Early Music Struggles

Hi everyone, happy Sunday!

I’ve been working on some Renaissance music, and the edge cases I’ve run into have illuminated some situations that I believe Dorico doesn’t handle very elegantly yet. I just wanted to lay out some of the things I ran into in the hopes that folks can suggest better approaches, or the development team might be able to investigate in the future.

One huge hurdle is creating the incipit. Below is a beautiful example from a published score (sepia) of what I’m trying to recreate, and then my best attempt in Dorico of a different piece (white).

I ended up using a separate flow for the incipit and placing it in a very narrow music frame that overlaps with the larger music frame of the score. I then just moved the left edge of the system with the bracket to the correct place in Engrave Mode. I couldn’t find a way to show staff labels on the incipt but not at the start of the modern score, so I ended up placing custom text objects where they should be and moving the incipit music frame in from the left margin.

The ambitus was easy once I realized I could put it in as a pickup bar.

Challenges include…

  • Notating a key signature with the same accidental in multiple octaves (the B-flats in the bass). I can’t find an elegant way to do this in Dorico––the Custom Key Signature feature seems like it can do anything except this. The best I came up with is to add a flat ficta playing technique to a note in the incipit then place it in the key signature in engrave mode. Not ideal.
  • The Notehead Editor makes it easy enough to create a set of White Notation noteheads for the incipit (I love that SMuFL supports so many archaic glyphs!), but I couldn’t figure out how to input Renaissance rests. I expected there would be a way to edit rests in the Notehead Editor, but I don’t think there is, and I haven’t been able to find any other way to input them as actual musical values. Maybe this is a better job for a graphic editing program since the semantic meaning of these rests isn’t terribly important here, but it would be great to be able to put them in in Dorico.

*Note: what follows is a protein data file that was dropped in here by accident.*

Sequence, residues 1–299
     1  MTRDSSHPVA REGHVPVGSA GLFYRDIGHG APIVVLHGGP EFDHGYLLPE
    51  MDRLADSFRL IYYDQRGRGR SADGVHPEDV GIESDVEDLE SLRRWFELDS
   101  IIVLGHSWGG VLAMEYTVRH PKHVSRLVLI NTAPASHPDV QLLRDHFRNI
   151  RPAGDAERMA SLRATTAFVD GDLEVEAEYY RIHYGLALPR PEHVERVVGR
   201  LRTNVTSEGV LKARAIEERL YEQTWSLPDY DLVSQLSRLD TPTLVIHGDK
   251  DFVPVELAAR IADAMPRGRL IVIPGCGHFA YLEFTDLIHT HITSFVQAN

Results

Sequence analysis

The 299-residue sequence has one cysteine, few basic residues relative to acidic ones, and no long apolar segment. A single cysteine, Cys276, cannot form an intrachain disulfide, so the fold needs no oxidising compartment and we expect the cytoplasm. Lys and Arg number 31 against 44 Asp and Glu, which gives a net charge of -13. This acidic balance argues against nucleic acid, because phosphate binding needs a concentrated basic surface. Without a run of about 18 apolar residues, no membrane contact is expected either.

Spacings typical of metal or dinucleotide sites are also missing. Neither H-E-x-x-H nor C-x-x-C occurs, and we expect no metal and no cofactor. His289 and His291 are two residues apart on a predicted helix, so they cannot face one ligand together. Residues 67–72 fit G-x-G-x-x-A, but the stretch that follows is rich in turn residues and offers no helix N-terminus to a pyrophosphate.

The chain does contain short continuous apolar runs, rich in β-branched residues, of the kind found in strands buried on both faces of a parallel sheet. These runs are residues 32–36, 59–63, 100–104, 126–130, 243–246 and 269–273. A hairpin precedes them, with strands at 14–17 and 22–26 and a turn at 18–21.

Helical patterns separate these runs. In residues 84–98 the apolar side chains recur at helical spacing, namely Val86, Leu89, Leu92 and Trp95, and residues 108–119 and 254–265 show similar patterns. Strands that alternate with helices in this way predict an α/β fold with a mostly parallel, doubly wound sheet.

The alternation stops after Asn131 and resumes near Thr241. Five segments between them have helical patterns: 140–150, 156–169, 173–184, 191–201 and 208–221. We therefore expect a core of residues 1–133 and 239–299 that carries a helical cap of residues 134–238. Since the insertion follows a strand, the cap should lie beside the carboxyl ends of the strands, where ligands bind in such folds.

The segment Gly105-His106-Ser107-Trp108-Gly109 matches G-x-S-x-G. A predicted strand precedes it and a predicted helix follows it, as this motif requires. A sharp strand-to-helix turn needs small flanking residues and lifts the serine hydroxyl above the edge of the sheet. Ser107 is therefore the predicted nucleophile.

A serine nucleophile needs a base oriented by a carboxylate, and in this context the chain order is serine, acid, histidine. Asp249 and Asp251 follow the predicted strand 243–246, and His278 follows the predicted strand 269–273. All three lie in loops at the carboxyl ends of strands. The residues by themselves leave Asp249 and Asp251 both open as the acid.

• Unfortunately “Note Spacing” is under Layout Options instead of Notation Options, which means that there’s no way to set different note spacing rules for my incipit flow and the rest of the piece, since the spacing rules are applied to the whole layout. I wish I could set note spacing to be extremely narrow on the incipit but normal for the rest of the piece, but instead all of those symbols would need to be moved manually.
  • I can’t find a way to show the incipit as disconnected staves with no barlines. Dorico wants to draw a barline or brace connecting all of them at the start, but ideally they would be free-floating like in the first example.
  • I find it frustrating that I have to totally replace clefs and time signatures in all situations that they appear when I want to use a custom glyph in one place. I wish I could define new ones the way I can with Playing Techniques and Notehead Sets. One obvious example, the mensural G clef (SMuFL U+E901) is semantically identical to a modern treble clef, and I want to use both in the same layout. Why do I need to replace an ottava treble clef, C clef, or some other unused clef to get that glyph to appear in the score? It feels awkward, and it means that I have to input notes at a transposed pitch level to make them appear correctly. This issue is particularly messy with time signatures, since the numerator and denominator can be edited separately. It makes for really awkward workarounds like the one from this Scoring Notes article in which the author has to plan out which time signatures they have to replace to get the correct glyphs to appear, even though they are not the best signatures to actually notate the music.

Some smaller issues that arose during the process: